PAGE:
Allegation of Waconia HS staff giving student-athlete medication under investigation

The Carver County Sheriff's Office has opened a criminal investigation into allegations that coaches or staff at Waconia High School may have given prescription medication to a high-ranked wrestler.

A statement from the sheriff released Monday afternoon said on March 13, "the Carver County Sheriff’s Office received a report from the Minnesota Department of Education involving an allegation Waconia High School coaches or staff facilitated the administration of medications to student athlete(s) in order to treat an infection."

The allegations are detailed in a search warrant affidavit filed in Hennepin County that says coaches or staff at Waconia High School gave medication to a student athlete without a prescription in hopes he would not have to miss any matches.

Sheriff's investigators were first made aware of the allegations on Feb. 13 when the sheriff’s office received a student maltreatment report from the Minnesota Department of Education that was initated by the student's mother.

According to the search warrant, a wrestler on the team told police that around Christmas last year he developed a rash on his neck and behind his ear -- a rash the wrestler and his parents believed was impetigo, a bacterial infection that other teammates had had during the wrestling season.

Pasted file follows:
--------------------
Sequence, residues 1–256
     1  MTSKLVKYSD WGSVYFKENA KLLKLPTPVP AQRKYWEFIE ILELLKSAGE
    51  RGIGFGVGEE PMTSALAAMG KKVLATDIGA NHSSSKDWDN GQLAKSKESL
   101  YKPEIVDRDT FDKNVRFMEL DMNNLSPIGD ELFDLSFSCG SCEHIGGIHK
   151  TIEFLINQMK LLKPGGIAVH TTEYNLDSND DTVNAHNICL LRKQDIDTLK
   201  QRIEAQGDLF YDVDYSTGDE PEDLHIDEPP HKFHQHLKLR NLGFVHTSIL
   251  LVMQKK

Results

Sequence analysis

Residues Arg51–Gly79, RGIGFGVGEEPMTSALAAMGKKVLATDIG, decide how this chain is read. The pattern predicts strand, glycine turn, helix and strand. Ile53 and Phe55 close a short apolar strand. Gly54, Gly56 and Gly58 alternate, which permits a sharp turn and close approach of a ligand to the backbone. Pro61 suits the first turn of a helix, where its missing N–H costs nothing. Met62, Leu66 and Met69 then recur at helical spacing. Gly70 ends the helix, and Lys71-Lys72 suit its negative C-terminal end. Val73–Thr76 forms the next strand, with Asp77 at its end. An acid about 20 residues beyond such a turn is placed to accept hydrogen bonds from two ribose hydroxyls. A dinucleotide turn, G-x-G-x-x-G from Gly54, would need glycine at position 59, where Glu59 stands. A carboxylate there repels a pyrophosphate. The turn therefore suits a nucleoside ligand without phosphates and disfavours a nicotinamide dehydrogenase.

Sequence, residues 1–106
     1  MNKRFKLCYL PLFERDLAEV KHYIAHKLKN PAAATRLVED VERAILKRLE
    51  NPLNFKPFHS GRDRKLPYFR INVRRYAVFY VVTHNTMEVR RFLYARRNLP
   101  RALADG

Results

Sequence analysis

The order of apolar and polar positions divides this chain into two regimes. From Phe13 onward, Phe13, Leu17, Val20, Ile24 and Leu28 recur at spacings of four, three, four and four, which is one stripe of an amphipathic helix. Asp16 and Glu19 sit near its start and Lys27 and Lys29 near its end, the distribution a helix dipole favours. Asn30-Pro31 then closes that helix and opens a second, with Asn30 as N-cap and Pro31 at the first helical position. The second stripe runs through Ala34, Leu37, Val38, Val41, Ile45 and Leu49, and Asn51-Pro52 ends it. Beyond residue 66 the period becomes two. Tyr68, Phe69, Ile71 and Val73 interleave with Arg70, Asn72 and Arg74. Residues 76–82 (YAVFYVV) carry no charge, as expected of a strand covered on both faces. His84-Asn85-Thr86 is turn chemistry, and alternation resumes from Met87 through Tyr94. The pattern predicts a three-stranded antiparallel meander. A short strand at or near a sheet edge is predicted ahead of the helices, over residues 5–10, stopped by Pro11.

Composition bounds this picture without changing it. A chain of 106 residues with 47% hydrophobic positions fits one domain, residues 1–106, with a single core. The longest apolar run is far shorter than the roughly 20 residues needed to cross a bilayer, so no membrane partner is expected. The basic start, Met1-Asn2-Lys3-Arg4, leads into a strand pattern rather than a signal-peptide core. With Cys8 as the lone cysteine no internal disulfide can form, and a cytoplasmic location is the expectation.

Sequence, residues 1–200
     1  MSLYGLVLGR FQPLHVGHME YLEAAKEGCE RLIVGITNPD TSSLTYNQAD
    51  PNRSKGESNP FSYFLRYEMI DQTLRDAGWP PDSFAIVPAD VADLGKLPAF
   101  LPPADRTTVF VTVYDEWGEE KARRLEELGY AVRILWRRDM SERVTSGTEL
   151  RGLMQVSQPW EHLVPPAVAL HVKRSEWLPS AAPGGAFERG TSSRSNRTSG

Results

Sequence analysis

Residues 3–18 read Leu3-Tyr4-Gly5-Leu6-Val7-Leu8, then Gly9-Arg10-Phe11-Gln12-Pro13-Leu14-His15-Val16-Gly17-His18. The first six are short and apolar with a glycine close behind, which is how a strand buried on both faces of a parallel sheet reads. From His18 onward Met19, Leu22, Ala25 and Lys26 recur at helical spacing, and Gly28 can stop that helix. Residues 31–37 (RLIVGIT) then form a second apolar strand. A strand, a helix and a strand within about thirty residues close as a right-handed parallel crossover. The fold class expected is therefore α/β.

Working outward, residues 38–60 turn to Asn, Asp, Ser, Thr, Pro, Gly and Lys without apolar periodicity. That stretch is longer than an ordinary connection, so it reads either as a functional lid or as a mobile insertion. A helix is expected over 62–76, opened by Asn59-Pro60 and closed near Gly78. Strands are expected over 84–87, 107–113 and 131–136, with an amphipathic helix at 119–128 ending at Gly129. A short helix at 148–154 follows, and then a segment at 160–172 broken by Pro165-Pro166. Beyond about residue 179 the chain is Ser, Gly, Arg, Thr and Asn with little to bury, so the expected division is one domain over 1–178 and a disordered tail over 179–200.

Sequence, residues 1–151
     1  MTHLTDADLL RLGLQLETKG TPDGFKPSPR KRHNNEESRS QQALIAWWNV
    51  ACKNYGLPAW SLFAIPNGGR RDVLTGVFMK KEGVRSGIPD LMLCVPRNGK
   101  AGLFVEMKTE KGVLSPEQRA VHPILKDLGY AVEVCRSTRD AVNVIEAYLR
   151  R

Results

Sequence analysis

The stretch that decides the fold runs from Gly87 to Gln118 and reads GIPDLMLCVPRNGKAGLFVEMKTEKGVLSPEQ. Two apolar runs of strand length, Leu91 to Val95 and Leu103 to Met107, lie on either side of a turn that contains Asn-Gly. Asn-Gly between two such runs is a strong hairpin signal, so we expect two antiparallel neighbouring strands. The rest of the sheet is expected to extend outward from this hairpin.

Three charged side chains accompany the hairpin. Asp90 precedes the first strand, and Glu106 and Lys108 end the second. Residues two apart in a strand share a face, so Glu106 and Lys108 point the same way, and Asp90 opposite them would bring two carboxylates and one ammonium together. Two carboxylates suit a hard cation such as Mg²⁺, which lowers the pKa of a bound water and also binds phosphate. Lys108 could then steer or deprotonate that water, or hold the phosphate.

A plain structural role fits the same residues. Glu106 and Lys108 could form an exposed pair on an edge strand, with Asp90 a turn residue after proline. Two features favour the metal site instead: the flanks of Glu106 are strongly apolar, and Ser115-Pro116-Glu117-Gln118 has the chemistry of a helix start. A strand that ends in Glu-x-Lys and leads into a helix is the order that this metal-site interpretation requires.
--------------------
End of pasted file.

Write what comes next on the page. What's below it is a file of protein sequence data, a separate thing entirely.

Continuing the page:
After a few days, the wrestler visited a Target Minute Clinic with his mother and a nurse practitioner diagnosed the rash as impetigo and prescribed a cream. The rash worsened over the next couple of days.

On Jan. 2, the wrestler received a text message from his coach asking him to come to his house for something that would help the rash.

According to the search warrant, the wrestler went to the coach’s house and the coach's wife, who is a registered nurse, allegedly gave him a bag containing pills and was instructed to take two pills a day. Police later identified the pills at Acyclovir, a prescription drug used to treat herpes.                 

The wrester reported to police that the rash began to clear up in three or four days after he began taking the pills. 

At a meet on Jan 3, a parent of another wrestler on the team noticed the rash and said it appeared to be herpes. The wrestler's parents sent a photo of the rash to the website "The Mat Doc" which helps find information on sports related skin and health issues. The Mat Doc advised the wrestler to see a doctor. 

On Jan. 7, the wrestler went to the doctor and was diagnosed with herpes gladiatorum. 

The coach advised the wrestler not to go to other doctors because they could report the herpes outbreak to the Minnesota State High School League who could then shut the program down if a certain amount of participants contracted herpes or other skin issues.

The coach's wife was brought into the Carver County Sheriff’s Office on March 14 for questioning.  

No charges have yet been filed in this case.